Pet Expressway for Dogs

First Day With Your New Dog

First Day With Your New Dog

Whether you have adopted a puppy, adult or geriatric dog, he is new to your home. Therefore, you must act as if he’s a brand new baby puppy in the amount of supervision you provide. That is especially true on the first day.

Whether you have adopted an Owner Surrender, a Domesticated Stray, or Street Stray Dog, it will be important to act as if you are dealing with a blank slate, tabula rasa, as it were when introducing him to his new home.

You want your newly adopted dog’s first day to be as fear-free as possible. You want to provide proper leadership and consistency as you acclimate him to his new surroundings.

Puppy Proof Your Home

Before you pick your furry bundle of joy up from the animal shelter, you should puppy-proof your home. All dogs like to explore and we do not want any mishaps, especially on the first day. So make sure the house is neat and orderly.

Making sure that there is nothing inappropriate that the dog can get into. So no stray shoes in the foyer, no prize possessions in the reach of the new dog.

And of course, keep dangerous objects out of reach; such as electrical cords. When puppy-proofing, act as if you were preparing for a young puppy, no matter what age or previous circumstances your new edition may have had.

Be Prepared

Also, make sure you have everything you need for your new arrival. Food, treats, food and water bowl, a crate, a leash and collar, a few toys, dog bed, and blanket. Being prepared will go a long way in having a successful first day.

First Day Plan

Most importantly, make sure you have a First Day Plan! Here is an example plan. You should tailor this plan to your specific situation.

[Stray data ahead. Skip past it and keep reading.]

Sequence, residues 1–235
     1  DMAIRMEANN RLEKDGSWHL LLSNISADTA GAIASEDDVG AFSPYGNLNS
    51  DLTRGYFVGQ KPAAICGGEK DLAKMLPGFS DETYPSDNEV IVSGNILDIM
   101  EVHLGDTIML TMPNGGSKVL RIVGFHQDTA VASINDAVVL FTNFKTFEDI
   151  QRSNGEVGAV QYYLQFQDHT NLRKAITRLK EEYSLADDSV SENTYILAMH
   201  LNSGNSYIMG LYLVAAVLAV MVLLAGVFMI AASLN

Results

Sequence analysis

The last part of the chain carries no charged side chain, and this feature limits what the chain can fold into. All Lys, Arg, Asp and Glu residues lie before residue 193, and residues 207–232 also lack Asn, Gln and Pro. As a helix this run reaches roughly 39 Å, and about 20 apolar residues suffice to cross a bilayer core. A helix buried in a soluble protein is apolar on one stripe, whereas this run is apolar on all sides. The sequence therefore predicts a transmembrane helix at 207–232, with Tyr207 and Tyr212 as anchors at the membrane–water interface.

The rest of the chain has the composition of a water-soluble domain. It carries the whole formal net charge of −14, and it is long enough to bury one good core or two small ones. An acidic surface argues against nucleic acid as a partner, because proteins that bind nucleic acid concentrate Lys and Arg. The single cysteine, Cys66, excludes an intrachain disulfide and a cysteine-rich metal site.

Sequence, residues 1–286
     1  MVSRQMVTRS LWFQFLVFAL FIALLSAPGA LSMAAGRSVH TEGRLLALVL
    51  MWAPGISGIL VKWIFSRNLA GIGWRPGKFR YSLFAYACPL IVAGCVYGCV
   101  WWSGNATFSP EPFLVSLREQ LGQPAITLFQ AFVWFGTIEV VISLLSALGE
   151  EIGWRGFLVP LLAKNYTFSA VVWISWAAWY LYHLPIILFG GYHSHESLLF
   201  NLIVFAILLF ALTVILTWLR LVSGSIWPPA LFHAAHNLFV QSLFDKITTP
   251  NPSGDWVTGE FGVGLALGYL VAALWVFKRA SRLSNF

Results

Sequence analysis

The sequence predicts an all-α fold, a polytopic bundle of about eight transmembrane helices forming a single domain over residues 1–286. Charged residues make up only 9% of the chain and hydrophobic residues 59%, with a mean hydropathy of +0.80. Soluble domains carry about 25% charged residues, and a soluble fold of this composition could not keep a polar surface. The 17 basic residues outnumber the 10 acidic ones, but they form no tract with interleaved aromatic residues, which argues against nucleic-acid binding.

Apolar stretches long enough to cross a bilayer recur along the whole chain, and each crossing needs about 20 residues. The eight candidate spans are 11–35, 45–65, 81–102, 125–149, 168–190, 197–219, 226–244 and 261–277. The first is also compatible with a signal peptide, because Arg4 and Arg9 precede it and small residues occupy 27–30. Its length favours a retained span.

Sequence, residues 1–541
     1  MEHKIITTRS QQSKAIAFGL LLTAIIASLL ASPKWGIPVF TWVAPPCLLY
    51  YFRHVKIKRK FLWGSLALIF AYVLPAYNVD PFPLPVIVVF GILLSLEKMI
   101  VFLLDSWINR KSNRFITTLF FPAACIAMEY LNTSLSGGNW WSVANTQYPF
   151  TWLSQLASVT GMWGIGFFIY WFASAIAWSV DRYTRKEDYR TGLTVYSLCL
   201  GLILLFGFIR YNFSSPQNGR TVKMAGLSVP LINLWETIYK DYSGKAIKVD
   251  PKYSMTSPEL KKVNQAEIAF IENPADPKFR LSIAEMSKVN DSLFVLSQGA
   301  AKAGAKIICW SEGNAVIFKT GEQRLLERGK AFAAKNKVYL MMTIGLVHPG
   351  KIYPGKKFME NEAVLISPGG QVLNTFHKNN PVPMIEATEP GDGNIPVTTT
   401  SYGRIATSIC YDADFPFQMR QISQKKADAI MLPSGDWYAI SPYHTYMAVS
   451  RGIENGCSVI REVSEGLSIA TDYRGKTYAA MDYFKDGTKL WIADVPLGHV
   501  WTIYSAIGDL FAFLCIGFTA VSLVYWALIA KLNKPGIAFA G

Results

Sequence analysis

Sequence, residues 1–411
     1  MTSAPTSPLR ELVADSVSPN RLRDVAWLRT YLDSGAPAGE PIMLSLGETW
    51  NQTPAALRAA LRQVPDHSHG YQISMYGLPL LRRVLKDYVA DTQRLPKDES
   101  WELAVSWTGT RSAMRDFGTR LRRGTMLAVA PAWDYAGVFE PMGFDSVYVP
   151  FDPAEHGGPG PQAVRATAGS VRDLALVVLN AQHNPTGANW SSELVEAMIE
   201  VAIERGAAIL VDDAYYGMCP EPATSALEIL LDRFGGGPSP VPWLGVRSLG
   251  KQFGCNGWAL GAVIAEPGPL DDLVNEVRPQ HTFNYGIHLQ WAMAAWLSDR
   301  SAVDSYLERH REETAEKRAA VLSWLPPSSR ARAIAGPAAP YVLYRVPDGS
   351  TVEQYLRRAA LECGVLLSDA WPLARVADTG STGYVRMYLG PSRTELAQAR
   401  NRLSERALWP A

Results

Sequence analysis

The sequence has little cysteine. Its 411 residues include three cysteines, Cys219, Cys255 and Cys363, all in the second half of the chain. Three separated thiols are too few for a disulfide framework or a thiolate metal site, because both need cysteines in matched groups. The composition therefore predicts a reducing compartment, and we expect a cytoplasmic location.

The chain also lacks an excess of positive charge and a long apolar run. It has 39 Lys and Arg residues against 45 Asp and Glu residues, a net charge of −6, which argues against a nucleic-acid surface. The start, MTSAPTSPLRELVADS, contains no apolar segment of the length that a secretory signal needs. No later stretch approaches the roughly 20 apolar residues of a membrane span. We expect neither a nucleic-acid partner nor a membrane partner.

As you make your first day plan, the two most important tips are:

  1. 100% supervision at all times. This will involve keeping him on a leash when not in his crate. This will prevent mishaps, miscommunication, and initial housebreaking problems. It will also help with bonding with the members of the household; as you are always physically connected.
  2. Don’t let your dog do anything on day one that he is not allowed to do on day two or any other day in the future. For example, if you do not want your dog on the couch as a general rule, then do not allow him on the couch on his first day, just because you feel sorry for him or want him to feel safe.

First Day Plan

An example First Day Plan for your newly adopted dog:

Brief  Walk

When you leave the animal shelter, have the dog take a brief walk and relieve himself before putting him in your car.


Transport the dog as you would any other day of your dog’s new life! Meaning if you plan on using a dog seat belt. For example, do not let him sit in your lap during the drive because it’s his “first day” with you. We do recommend some type of crate or dog seat belt in order to ensure safety.

Don’t Rush On Arrival Into New Home

Once you arrive home, don’t rush into the house with your new dog. Let him walk around smell the wonderful smells and see the wonderful sights of his new yard and let him use the restroom.

It would make sense to pick a ‘special spot’ now as his new place to go pee-pee. Give him a good 10 or 15 minutes in this area.

Show Him Around With Leash

Next, you should bring the dog to the house and show him the lay of the land! But remember don’t drop the leash and make it a free-for-all. Remember, incorporated in your plan should be 100% supervision and ‘no special indulgences’ because it’s the first day.

Take him through your home on a leash. Depending on his background and age he could be excited, nervous, exuberant, or anxious. He could be panting and wanting to lunge at the end of the leash in order to pace around. Or he could be looking as if he’s ‘frozen in time’. Not wanting to walk around at all; thinking one false move may bring danger.

I know it all sounds very dramatic but you have no way of knowing what your dog’s true personality is and how he reacts to something completely new.

Marking Territory / Accident

Another reason to keep him on a leash during your entrance into the home is very important and has to do with the fact that he may mark his territory or simply have an accident for a variety of reasons.